An important step in advocating for your loved one includes organizing information that supports daily care. A personal health record is a tool that enables consumers to manage health information so they can communicate more effectively and easily with health care providers. This consumer education sheet provides a basic template to help you begin the process of creating a personal health record. Additional links to other commercially available products to help track information are provided as well.
This pamphlet, designed by the United Spinal Association, is a great resource for businesses, schools, organizations, staff training and disability awareness programs. You don’t have to feel awkward when interacting with, or when you meet a person who has a disability. This booklet provides tips for you to follow that will help create positive interactions and raise everyone’s comfort levels.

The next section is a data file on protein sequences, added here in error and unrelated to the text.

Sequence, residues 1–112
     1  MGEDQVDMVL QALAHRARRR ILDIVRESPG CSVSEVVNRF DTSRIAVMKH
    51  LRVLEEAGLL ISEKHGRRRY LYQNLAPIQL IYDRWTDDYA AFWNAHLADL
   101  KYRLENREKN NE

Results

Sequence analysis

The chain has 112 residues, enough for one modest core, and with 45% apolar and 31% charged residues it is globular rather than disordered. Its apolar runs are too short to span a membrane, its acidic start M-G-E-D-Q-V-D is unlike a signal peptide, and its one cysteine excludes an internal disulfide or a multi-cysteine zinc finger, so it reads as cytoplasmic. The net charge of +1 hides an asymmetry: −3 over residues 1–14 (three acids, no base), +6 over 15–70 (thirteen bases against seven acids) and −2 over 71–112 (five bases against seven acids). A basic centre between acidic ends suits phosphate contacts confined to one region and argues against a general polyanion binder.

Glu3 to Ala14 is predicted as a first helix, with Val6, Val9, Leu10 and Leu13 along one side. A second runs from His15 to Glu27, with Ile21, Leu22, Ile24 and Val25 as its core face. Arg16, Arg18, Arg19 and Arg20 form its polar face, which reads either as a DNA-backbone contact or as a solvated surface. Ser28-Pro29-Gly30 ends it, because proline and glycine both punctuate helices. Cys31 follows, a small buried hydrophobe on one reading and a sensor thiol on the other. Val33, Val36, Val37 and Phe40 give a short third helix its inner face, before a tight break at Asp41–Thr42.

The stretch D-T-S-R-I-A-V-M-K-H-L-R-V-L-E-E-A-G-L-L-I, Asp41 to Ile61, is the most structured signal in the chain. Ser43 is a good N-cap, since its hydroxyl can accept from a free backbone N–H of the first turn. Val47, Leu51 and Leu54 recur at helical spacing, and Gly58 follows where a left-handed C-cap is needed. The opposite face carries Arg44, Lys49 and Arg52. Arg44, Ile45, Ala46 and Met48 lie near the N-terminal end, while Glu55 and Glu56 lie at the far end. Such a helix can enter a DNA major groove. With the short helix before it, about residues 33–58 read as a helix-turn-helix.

This website was created by Jim Lubin, a man with transverse myelitis who is dependant on a ventilator. He uses a sip-and-puff device to enter Morse-Code patterns that translate to keyboard and mouse functions to operate his computer. Aside from the impressive personal story behind it, Lubin’s site offers an extensive catalogue of online resources on disability. Here you’ll find links to information on spinal cord injury, assistive technology, medical newsgroups, disability organizations etc.
It is common for individuals with spinal cord injuries to experience multiple nutritional deficiencies. Eating the right foods becomes even more crucial to meet your body’s increased nutrient needs fight after injury, during rehabilitation and throughout your life. Funded by the Paralyzed Veterans of America, Eat Well, Live Well with Spinal Cord Injury is a comprehensive, practical nutritional guide written specifically for individuals with spinal cord injuries, as well as their families, friends, caregivers, health and medical professionals.